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Running The Numbers: Week 1 Cowboys-Giants Film Study

Before the Cowboys' 24-17 victory over the New York Giants, I told you how important it is for an NFL team to win their first game of the season. Make it a road matchup with a division rival, and there's no way around it: This was a big win for the 'Boys. Let's take a look at some of my film study notes:

  • This win was due in large part to Tony Romo's ability to read the Giants' defense. I counted Romo checking out of plays four times. Those four audibles resulted in one run for nine yards and three passes for 90 yards and two touchdowns. The 40-yard strike to Kevin Ogletree and the 34-yard bomb to Miles Austin both came after "Kill" calls from Romo.
  • The Cowboys utilized a formation called "3 Wide I" (below) quite a bit on Wednesday night.

  • Dallas used base "21" personnel – one tight end, two running backs, and two receivers – on each of the five plays they lined up in the formation. They ended up rushing the ball three times for 10 yards from 3 Wide I. Interestingly, Ogletree's second score and the late Austin touchdown both came from the formation. Over the past three seasons, the Cowboys have run the ball from 21 personnel on 89 percent of plays.
  • It's fun to think that the Cowboys win games by "wearing down" defenses with the run, but it isn't true. The majority of the team's success comes from throwing the football efficiently. Rushing the ball effectively can certainly help, but running with frequency simply isn't necessary in today's NFL.
  • I backed up that point last week in my article on a few myths about the Cowboys. Since 2008, the Cowboys have compiled only a .276 winning percentage when they pass the ball on more than 57 percent of their snaps. For the mathematically-challenged, that's about one win every four games. However, when the 'Boys pass the ball at the same rate through just the first three quarters, they have a .636 winning percentage. Once they're already winning, they run the ball late, creating the illusion of a balanced offense.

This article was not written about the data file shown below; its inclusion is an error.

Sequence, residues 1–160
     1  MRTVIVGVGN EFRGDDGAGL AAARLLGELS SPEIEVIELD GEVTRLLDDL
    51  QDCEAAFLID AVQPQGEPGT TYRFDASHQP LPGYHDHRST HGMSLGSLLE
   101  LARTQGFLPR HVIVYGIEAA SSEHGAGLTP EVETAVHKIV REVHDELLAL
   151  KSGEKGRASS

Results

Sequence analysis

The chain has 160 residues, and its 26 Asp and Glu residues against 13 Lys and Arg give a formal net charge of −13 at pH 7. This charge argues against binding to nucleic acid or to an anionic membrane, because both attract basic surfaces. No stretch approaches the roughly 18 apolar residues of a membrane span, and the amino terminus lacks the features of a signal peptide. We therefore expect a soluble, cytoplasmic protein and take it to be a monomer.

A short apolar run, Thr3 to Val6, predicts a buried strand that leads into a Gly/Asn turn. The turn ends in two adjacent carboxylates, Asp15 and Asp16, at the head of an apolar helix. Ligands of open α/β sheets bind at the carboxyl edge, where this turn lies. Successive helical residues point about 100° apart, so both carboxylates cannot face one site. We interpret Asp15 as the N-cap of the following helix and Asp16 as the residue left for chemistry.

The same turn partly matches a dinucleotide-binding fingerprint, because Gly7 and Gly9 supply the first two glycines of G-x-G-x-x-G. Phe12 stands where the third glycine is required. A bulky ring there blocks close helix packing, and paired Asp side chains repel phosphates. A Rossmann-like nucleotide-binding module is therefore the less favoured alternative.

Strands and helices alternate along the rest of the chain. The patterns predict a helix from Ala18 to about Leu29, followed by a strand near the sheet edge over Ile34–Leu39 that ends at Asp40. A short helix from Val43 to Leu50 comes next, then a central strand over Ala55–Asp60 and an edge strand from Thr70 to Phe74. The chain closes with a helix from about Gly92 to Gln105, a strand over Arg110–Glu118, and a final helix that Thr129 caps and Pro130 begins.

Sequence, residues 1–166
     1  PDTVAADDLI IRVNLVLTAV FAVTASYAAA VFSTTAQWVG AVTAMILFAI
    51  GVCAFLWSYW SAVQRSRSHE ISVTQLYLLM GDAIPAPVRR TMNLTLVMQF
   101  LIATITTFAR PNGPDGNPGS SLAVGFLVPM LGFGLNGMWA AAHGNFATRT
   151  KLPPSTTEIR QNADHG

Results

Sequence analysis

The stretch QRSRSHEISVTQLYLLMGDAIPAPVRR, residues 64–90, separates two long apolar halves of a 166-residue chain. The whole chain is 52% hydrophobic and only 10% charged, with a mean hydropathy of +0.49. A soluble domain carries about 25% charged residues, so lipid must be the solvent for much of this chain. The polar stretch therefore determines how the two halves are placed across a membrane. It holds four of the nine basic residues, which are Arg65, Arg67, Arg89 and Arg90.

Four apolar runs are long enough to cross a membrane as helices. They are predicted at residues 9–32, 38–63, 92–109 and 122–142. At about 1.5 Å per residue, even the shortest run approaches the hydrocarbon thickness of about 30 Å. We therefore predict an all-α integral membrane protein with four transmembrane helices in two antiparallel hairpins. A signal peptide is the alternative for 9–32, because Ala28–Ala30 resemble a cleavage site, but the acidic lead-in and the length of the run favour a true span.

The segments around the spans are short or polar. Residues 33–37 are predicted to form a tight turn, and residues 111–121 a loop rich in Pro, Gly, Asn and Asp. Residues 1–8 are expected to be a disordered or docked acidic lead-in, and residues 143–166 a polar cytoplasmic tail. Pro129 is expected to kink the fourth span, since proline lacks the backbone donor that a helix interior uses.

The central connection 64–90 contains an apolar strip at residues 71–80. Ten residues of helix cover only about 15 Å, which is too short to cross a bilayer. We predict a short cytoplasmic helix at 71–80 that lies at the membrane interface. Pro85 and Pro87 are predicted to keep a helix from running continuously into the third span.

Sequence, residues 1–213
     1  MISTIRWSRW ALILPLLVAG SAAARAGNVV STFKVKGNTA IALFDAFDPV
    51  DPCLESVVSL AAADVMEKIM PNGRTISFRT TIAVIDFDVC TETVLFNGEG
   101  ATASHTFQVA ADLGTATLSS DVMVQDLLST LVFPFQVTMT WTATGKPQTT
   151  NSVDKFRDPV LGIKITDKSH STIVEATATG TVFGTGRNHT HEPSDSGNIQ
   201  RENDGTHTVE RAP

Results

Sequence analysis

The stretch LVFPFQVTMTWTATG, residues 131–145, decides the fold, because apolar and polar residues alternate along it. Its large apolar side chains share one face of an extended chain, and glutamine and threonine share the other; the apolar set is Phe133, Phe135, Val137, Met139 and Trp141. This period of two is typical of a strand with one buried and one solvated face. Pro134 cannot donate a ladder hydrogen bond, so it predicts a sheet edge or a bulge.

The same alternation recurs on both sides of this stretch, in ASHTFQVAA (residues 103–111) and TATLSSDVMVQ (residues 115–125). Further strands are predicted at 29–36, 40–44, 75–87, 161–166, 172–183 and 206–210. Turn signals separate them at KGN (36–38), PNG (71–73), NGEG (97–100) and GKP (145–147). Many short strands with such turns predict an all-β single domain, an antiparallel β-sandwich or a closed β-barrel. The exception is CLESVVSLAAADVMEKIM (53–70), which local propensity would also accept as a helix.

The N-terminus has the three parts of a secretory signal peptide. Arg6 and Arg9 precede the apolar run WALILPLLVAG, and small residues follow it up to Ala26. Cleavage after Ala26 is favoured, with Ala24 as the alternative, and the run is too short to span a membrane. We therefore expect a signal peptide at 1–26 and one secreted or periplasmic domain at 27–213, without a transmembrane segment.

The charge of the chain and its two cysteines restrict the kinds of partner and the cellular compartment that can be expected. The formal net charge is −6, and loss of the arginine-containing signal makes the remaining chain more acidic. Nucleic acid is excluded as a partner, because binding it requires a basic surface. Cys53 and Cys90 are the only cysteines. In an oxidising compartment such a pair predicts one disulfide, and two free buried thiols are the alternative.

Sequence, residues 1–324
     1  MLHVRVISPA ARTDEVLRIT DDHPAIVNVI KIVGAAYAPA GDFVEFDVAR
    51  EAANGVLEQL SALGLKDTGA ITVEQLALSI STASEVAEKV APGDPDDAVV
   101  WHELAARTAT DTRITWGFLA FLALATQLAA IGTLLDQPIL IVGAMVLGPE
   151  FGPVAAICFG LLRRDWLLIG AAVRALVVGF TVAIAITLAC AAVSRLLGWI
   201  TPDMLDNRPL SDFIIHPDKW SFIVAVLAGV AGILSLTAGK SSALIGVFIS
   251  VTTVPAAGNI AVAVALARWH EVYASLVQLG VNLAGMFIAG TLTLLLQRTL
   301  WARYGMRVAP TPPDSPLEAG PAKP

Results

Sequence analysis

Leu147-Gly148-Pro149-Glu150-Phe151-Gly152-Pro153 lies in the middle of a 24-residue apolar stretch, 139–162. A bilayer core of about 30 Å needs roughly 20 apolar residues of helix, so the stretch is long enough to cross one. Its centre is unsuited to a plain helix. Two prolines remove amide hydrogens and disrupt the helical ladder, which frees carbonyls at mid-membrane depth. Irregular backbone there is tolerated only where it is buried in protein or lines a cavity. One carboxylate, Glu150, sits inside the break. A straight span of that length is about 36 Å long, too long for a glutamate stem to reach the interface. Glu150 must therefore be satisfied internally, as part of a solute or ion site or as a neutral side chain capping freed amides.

• The illusion was on display last night. You'll hear that the Cowboys won the game because they stayed balanced on offense. The only problem is that they weren't balanced at all – through three quarters, head coach Jason Garrett dialed up a pass on 28 of the Cowboys' initial 42 plays (66.7 percent). In the fourth quarter, Dallas ran the ball on nine of their 14 snaps (64.2 percent), fueling the mistaken notion that they stayed balance throughout the game.
  • Surprisingly, the Cowboys used motion on only eight plays all night (14.3 percent). Historically, they've been a superior football team when they utilize static formations, so let's hope that trend continues into the Seattle game next week.
  • In June, I wrote an article urging the Cowboys to throw the ball deep with more frequency. They've been extremely successful throwing the ball 20 or more yards downfield, but only 6.6 percent of Romo's passes traveled that far in 2011 – good for only 37th in the NFL.

  • We'll need to see how the 'Boys offense continues to evolve into the season, but the they took their shots last night. Of Romo's 29 passes, five (17.2 percent) traveled at least 20 yards. He completed four of those for 132 yards and two touchdowns. That's a perfect passer rating of 158.3.
  • I counted the Giants as blitzing on only 13 plays. Dallas ran on four of those for 25 yards. The other nine passes totaled 83 yards, including the 40-yard touchdown to Ogletree. One of the reasons the Cowboys had success on the Giants' blitzes, I think, is that the G-Men didn't disguise them. If you remember, Romo struggles more than the average NFL quarterback when defenses hide their intentions, but he thrives when he knows what's coming.

  • Jason Witten was the hero of this game for me. For a team that gets berated for lacking leaders, I'd respond that Witten is about as inspiring of a leader as you can have. I tracked him as playing 49 snaps; the toughness he displayed undoubtedly rubbed off on his teammates.
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